Meanwhile, you see how easy it is for non-mega-media-conglomerates to make this happen. EPIX has tons of Paramount, MGM, and Lionsgate content out there. EPIX is the thinnest veneer of direct reselling of content by studios.

It's pretty amazing how fast large amounts of content is piling onto the internet in legit ways. In just the last 3 years it has exploded. Still many years to go, though.
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Old 03-14-2011, 04:52 PM
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Quote:
Originally Posted by GizmoDVD View Post
Funny how they rarely mention Blu-ray. Not Bewkes, not Iger.
Since Blu-Ray is putting money directly in their pocket with each and every sale and Netflix streaming is not they have nothing to complain about in the article in question regarding the format.
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Old 03-14-2011, 05:14 PM
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Quote:
Originally Posted by comixguru View Post
Personally, I think we're gonna end up with subscription services that cover massive swaths of catalog content with the studio blessing. Ultimately, it will create a new window -- the subscription catalog cloud. But it is a tough transition with many years to go. I believe, it will happen because they will find consumers will pay a small monthly fee to have something to watch at night.

I think the larger media companies like Warner, Fox, and Universal will be some of the last to hop onto this concept. Mainly because they are so wrapped up in channels, ad sales, and wholesaling content to keep the individual broadcasters happy and are protecting the revenue from broadcast rights, cable windows, etc.

Meanwhile, you see how easy it is for non-mega-media-conglomerates to make this happen. EPIX has tons of Paramount, MGM, and Lionsgate content out there. EPIX is the thinnest veneer of direct reselling of content by studios.

It's pretty amazing how fast large amounts of content is piling onto the internet in legit ways. In just the last 3 years it has exploded. Still many years to go, though.
It is certainly very likely.

The various streaming deals (Epix, Disney/ABC, CBS) are likely to contribute ~ $1 billion to the content owners in 2011, with that number likely passing the $1 billion dollar mark in 2012 potentially by quite a bit based on the Starz renewal.

And this is basically cost free revenue for the studios and networks. No discs to print. No advertising costs. Just 10 figure revenue on the top line that flow to the bottom line with very little associated expense.

At Netflix's revenue growth, I could see the studios and networks making $2 billion in DIRECT revenue from subscription VOD via Netflix in 2012. Netflix will almost definitely be > $3 billion in customer revenue for 2012.
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Old 03-14-2011, 06:43 PM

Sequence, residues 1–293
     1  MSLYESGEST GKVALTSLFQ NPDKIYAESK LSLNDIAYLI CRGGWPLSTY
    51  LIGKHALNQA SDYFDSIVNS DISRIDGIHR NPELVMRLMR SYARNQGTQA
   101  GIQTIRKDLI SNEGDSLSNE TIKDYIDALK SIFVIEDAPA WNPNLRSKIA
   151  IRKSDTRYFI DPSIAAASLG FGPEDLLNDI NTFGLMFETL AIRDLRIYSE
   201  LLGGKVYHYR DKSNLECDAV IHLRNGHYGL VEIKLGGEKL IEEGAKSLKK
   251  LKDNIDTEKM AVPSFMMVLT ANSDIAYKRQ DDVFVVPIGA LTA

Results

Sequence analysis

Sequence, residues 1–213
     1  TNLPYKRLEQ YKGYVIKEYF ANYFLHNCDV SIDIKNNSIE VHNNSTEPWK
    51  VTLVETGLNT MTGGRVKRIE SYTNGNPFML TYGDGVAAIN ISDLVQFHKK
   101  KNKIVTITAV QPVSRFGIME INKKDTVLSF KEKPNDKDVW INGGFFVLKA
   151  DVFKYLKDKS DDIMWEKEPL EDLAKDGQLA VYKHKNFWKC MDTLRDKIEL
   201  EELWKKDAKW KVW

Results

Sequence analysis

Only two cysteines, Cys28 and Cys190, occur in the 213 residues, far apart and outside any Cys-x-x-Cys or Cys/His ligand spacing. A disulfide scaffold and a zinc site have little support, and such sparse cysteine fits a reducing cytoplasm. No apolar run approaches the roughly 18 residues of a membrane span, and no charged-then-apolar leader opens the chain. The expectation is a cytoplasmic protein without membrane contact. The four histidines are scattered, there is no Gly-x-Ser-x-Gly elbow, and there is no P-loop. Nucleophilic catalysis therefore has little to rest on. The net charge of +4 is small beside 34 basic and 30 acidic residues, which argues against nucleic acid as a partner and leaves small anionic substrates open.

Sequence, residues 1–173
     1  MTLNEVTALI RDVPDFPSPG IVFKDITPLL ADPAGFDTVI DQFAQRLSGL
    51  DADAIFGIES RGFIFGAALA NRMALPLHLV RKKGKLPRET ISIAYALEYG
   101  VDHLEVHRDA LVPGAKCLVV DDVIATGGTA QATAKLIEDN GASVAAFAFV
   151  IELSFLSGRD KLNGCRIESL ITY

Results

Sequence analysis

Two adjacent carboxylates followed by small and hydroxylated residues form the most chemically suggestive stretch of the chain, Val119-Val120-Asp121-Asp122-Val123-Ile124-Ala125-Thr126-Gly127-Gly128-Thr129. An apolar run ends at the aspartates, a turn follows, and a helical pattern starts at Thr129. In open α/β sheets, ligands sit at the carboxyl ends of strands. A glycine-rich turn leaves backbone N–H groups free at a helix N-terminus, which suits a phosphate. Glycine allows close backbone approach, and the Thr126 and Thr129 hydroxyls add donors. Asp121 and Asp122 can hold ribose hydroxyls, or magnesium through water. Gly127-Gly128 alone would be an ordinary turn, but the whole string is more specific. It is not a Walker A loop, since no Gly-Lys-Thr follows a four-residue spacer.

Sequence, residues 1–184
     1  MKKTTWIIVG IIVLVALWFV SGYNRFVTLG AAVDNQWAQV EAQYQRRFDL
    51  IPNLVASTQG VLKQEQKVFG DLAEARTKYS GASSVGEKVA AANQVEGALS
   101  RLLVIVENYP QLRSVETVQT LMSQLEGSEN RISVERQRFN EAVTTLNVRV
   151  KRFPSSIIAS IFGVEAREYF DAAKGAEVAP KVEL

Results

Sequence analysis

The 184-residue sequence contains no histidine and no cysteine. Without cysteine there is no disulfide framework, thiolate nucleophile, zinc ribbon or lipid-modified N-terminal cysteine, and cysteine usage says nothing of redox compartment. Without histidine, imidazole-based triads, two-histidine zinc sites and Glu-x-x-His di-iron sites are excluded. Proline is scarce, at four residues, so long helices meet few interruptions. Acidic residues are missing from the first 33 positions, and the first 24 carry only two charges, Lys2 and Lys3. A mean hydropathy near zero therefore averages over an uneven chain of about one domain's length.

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Quote:
Originally Posted by PSound View Post
It is certainly very likely.

The various streaming deals (Epix, Disney/ABC, CBS) are likely to contribute ~ $1 billion to the content owners in 2011, with that number likely passing the $1 billion dollar mark in 2012 potentially by quite a bit based on the Starz renewal.

And this is basically cost free revenue for the studios and networks. No discs to print. No advertising costs. Just 10 figure revenue on the top line that flow to the bottom line with very little associated expense.
Wrong.

The cost is in the potential loss of revenue caused by a drop in physical media sales (both to rental companies as well as consumers) due to more people choosing to view the movie in question for "free" on their subscription plan rather than pay for either a purchase or rental for each individual film.

Each sale of a physical copy adds $$$ directly to the studio's bottom line; the potential loss of which must be weighed against the one time license fee paid to them by companies like Netflix, Hulu and Amazon.
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Old 03-14-2011, 08:24 PM
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Quote:
Originally Posted by PSound View Post
It is certainly very likely.

The various streaming deals (Epix, Disney/ABC, CBS) are likely to contribute ~ $1 billion to the content owners in 2011, with that number likely passing the $1 billion dollar mark in 2012 potentially by quite a bit based on the Starz renewal.

And this is basically cost free revenue for the studios and networks. No discs to print. No advertising costs. Just 10 figure revenue on the top line that flow to the bottom line with very little associated expense.

At Netflix's revenue growth, I could see the studios and networks making $2 billion in DIRECT revenue from subscription VOD via Netflix in 2012. Netflix will almost definitely be > $3 billion in customer revenue for 2012.
The one thing about Netflix which will keep them in the game is that they collect their money directly from consumers. The $8.95 a month they get from those basic subs is all for them, less a sliver for credit card processors. Also, subscription bases don't turn on a dime. This combination of direct sale, regular monthly revenue, leads to a very high cash flow.

It makes for wonders in terms of Wall Street reporting, too. This is why I think a subscription model is only a matter of time. Turning one-off movie solo sales into a steady stream of regular recurring revenue will be too big a of a lure.

That said, this isn't cost free revenue for the studios. Either catalog films have a value or they don't. If they do have a value, diluting it with free exposure is a cost. At the same time, Netflix or any streaming service doesn't live in a vacuum. DVDs have been out for a decade plus. The fans of a particular film likely own it if they wanted it.

We'll see.